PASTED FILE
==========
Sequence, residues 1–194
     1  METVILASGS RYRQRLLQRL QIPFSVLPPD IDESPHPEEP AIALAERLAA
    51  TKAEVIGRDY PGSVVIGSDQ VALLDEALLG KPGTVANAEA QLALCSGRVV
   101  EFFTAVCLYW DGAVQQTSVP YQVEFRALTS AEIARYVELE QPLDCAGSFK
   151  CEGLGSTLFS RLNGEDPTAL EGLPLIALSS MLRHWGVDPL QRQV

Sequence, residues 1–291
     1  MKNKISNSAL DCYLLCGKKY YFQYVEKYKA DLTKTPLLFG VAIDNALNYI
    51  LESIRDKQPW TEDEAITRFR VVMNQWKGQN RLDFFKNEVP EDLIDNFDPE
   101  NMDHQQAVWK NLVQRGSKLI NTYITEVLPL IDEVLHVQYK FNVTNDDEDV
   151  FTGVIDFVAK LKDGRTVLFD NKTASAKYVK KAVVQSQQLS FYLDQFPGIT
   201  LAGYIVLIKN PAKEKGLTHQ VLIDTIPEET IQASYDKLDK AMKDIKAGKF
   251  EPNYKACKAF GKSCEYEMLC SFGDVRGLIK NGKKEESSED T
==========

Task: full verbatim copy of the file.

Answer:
Sequence, residues 1–194
     1  METVILASGS RYRQRLLQRL QIPFSVLPPD IDESPHPEEP AIALAERLAA
    51  TKAEVIGRDY PGSVVIGSDQ VALLDEALLG KPGTVANAEA QLALCSGRVV
   101  EFFTAVCLYW DGAVQQTSVP YQVEFRALTS AEIARYVELE QPLDCAGSFK
   151  CEGLGSTLFS RLNGEDPTAL EGLPLIALSS MLRHWGVDPL QRQV

Sequence, residues 1–291
     1  MKNKISNSAL DCYLLCGKKY YFQYVEKYKA DLTKTPLLFG VAIDNALNYI
    51  LESIRDKQPW TEDEAITRFR VVMNQWKGQN RLDFFKNEVP EDLIDNFDPE
   101  NMDHQQAVWK NLVQRGSKLI NTYITEVLPL IDEVLHVQYK FNVTNDDEDV
   151  FTGVIDFVAK LKDGRTVLFD NKTASAKYVK KAVVQSQQLS FYLDQFPGIT
   201  LAGYIVLIKN PAKEKGLTHQ VLIDTIPEET IQASYDKLDK AMKDIKAGKF
   251  EPNYKACKAF GKSCEYEMLC SFGDVRGLIK NGKKEESSED T